Friday, January 19, 2007
The Basic Principles of the Oracles of God
It is worthwhile to be a Shorter Catechism boy. They grow up to be men. And better than that, they are exceedingly apt to grow to be men of God.
B B Warfield, American theologian (1851-1921)
As you know, I have made it one of my goals for 2007 to learn the first 52 questions of the Shorter Catechism. (I was amused and surprised to see that the Shorter Catechism was originally intended for those of "of weaker capacity" rather than the Longer Catechism.) Learning the catechism and teaching it in Sunday school has fallen out of favour, so why start to learn it now?
I am persuaded that the use of a good Catechism in all our families will be a great safeguard against the increasing errors of the times...Those who use it in their families or classes must labour to explain the sense; but the words should be carefully learned by heart, for they will be understood better as years pass.
Charles Hadden Spurgeon, English Baptist preacher (1834-1892)
Learning the catechism has been used to teach the basic tenets of the Christian faith since the first century. As my denomination adheres to the Westminster Standards, I decided to use the Shorter Catechism which goes through the main doctrines of Faith, the Ten Commandments, the Sacraments and Prayer.

Many older friends, even those who are not Christians, who were catechised as children say that the teaching is hidden away in their hearts and minds and find back to them at times of difficulty or trial. It is perhaps not completely disconnected that Bible knowledge, even in Christians, has fallen in the last twenty years as popularity of the catechism has decreased despite a proliferation of Bible study material in all sorts of media.
Therefore it is the duty of every father of a family to question and examine his children and servants at least once a week and to ascertain what they know of it, or are learning and, if they do not know it, to keep them faithfully at it. However, it is not enough for them to comprehend and recite these parts according to the words only, but the young people should also be made to attend the preaching, especially during the time which is devoted to the Catechism, that they may hear it explained and may learn to understand what every part contains, so as to be able to recite it as they have heard it, and, when asked, may give a correct answer, so that the preaching may not be without profit and fruit.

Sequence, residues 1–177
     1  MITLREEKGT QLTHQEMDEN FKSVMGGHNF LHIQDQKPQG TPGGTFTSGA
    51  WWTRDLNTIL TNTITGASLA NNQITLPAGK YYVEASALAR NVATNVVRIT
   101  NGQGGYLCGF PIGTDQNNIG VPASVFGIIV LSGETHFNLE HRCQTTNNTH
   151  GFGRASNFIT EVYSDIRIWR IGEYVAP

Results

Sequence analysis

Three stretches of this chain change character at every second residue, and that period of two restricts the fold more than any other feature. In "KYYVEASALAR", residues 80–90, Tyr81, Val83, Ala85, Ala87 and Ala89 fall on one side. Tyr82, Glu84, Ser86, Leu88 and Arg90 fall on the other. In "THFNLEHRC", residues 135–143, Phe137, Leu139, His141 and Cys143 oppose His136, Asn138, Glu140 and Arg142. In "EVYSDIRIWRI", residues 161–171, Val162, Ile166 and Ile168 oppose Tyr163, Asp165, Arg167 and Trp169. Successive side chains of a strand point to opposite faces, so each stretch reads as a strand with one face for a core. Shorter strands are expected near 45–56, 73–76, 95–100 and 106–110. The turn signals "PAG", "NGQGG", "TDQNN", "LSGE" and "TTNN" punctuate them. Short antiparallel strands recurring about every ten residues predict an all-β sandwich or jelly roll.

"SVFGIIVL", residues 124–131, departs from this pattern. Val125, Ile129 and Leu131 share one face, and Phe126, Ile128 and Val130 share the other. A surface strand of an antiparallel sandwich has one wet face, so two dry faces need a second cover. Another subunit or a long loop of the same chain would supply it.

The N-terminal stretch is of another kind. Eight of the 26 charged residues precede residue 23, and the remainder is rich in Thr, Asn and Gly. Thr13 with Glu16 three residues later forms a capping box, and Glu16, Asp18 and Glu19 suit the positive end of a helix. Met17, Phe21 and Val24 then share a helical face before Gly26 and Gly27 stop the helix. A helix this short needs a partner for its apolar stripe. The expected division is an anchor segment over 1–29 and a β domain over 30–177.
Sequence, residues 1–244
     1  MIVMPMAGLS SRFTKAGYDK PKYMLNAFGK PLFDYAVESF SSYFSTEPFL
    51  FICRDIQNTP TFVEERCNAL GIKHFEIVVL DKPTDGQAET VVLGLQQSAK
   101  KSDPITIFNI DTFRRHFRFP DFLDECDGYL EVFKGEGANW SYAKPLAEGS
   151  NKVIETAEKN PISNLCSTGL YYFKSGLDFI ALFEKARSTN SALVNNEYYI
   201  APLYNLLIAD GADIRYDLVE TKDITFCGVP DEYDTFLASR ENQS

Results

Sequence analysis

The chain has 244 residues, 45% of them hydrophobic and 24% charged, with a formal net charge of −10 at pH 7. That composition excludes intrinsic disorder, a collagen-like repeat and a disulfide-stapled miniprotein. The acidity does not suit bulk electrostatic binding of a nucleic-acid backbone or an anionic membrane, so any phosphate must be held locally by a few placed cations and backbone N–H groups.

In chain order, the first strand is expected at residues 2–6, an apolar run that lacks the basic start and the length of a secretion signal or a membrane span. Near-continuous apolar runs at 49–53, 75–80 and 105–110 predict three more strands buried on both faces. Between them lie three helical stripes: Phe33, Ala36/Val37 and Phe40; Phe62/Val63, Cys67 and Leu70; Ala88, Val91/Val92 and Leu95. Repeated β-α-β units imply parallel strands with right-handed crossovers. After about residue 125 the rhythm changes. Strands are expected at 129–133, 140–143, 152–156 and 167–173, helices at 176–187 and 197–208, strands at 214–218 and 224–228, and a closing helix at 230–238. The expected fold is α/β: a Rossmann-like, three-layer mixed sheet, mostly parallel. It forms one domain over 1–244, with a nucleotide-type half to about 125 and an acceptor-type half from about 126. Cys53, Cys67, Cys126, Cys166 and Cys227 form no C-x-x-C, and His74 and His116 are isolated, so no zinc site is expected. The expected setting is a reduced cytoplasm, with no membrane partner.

Martin Luther, German theologian (1483-1546)
Should we be catechising our children at home and in Sunday school? I think we should to allow these children to learn Christian truths and to form a good theological foundation at an early age. Perhaps it is similar to the bank tellers or medical students only being let loose on normal bank-notes, hearts and lungs I wrote of a few days ago. If we teach our children Biblical Christian doctrine, they might be less likely swayed by false teaching or be led astray in the future.
The older I grow, and I now stand on the brink of eternity—the more comes back to me the first sentence in the Catechism which I learned when a child, and the fuller and deeper its meaning becomes: ‘What is the chief end of man? To glorify God and to enjoy Him forever.’
Thomas Carlyle, Scottish satirist and historian (1795-1881)
As I learn the Catechism, I want to strengthen my knowledge of basic Christian doctrine, some of which I know but wish to more fully understand and some of which I accept but want to be able to defend from Scripture. I want to hide these teachings and this wisdom in my heart, so that I might strengthen my knowledge of and relationship with him and ultimately "glorify God and enjoy him forever."

For though by this time you ought to be teachers, you need someone to teach you again the basic principles of the oracles of God. You need milk, not solid food, for everyone who lives on milk is unskilled in the word of righteousness, since he is a child. But solid food is for the mature, for those who have their powers of discernment trained by constant practice to distinguish good from evil.
Hebrews 5:12-14

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  posted at 06:10  

At 19 January, 2007 14:18, Blogger Ashley said...

I was catechized when I was growing up, and even today bits come back to me, especially the question, "What is the chief end of man? To glorify God."

I agree with you that it *IS* important to teach our children these truths. I plan to do that someday with my children.

At 20 January, 2007 15:29, Anonymous janna said...

You said:

"As I learn the Catechism, I want to strengthen my knowledge of basic Christian doctrine, some of which I know but wish to more fully understand and some of which I accept but want to be able to defend from Scripture."

What a great attitude to have...wanting to be able to defend our "truths" by scripture. We wouldn't so many doctrinal differences in all of our churches if people would prove all things taught to them by man through the bible.

At 22 January, 2007 17:50, Blogger Keziah said...

Thank you for your encouragement as I learn the Catechism. It has been great to come across others in blogging land doing the same - it is such good accountability and I am really enjoying reading what others are learning.


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